How to Make Democratic Countries More Prosperous
“We all know what to do. We just don’t know how to get re-elected after we have done it.” – Jean-Claude Juncker, Prime Minister of Luxembourg
Despite its many merits, democracy does not seem to be a very effective system as far as generating prosperity is concerned. Slow economic growth, heavy taxation, high unemployment, and large public debts are common features of contemporary democratic countries. Fortunately, it is possible to change this state of affairs without resigning from democracy as the form of government.
To understand how this could be achieved, we first need to realize the causes of the above undesirable phenomena.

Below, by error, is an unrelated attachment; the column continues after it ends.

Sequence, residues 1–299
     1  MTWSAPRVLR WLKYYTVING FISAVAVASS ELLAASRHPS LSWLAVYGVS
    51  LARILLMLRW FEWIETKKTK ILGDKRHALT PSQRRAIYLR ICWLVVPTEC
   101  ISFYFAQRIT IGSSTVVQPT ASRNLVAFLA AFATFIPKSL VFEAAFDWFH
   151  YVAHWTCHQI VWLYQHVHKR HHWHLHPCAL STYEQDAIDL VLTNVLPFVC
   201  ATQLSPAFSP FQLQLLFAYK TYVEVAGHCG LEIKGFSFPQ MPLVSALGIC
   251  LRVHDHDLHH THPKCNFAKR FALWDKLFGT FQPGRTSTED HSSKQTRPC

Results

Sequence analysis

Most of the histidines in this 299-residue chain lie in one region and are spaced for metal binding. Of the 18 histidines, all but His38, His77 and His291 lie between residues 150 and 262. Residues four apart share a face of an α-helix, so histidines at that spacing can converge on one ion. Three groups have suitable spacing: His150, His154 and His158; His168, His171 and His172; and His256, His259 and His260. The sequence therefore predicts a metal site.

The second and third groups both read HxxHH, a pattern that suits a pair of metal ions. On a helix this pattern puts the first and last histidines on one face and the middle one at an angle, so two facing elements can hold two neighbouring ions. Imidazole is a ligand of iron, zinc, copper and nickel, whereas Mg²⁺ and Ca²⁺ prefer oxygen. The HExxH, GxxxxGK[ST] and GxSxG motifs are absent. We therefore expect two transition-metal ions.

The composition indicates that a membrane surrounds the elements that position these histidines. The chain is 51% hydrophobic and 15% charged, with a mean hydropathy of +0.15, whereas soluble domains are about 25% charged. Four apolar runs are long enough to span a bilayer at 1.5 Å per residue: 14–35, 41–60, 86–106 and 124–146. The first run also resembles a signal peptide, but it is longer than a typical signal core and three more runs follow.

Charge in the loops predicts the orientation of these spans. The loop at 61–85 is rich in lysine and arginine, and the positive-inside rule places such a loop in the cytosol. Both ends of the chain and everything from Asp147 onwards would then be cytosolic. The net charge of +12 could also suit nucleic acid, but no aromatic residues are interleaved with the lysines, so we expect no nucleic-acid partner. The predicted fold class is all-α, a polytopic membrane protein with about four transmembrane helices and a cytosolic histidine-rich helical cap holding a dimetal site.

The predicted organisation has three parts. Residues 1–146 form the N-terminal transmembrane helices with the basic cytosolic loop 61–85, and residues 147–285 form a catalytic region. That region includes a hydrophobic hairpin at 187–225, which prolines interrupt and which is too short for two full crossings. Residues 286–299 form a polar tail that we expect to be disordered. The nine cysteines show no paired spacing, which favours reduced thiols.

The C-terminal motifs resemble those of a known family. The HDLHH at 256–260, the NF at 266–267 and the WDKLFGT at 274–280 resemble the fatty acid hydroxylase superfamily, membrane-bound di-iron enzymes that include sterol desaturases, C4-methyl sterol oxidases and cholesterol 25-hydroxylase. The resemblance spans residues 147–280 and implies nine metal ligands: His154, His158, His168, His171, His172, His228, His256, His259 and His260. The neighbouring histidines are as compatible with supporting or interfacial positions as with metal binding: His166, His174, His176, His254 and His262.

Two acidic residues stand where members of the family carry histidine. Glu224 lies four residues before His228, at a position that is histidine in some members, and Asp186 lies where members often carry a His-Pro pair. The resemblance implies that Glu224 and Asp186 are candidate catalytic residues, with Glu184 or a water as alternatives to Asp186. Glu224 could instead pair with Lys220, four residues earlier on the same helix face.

At first sight, it might seem that the democratic process itself should be sufficient to create an appropriate environment for economic development. The political elites that implement policies elevating the living standards of citizens should get re-elected, while those that fail should be sent by voters to political retirement. There are, however, some obstacles for this mechanism to function properly. First, there is usually a significant time lag between actions performed by legislative or executive bodies and the effects of these actions. The reward or punishment for these effects can be reaped by a completely different political team than the one that brought them about. Second, people generally have socialist and interventionist inclinations that make them look up to the state as a source of solutions to social and economic problems. It is easy to win votes by promising to “do something about it”. Yet each such involvement of the state, apart from often causing problems by itself, costs money. Hence heavy taxation and high levels of government debt. At the same time, backing out from the tasks taken on itself by the state is, in most cases, unpopular as some people get hurt and others tend to sympathize with them. Third, there are interest groups that by lobbying and various forms of pressure attempt to shape the law in their favor; and there is also outright corruption. For all the above reasons politicians are often incentivized to take actions that are detrimental to the general welfare, and, at the same time, discouraged from making wise decisions, even if they know what should be done.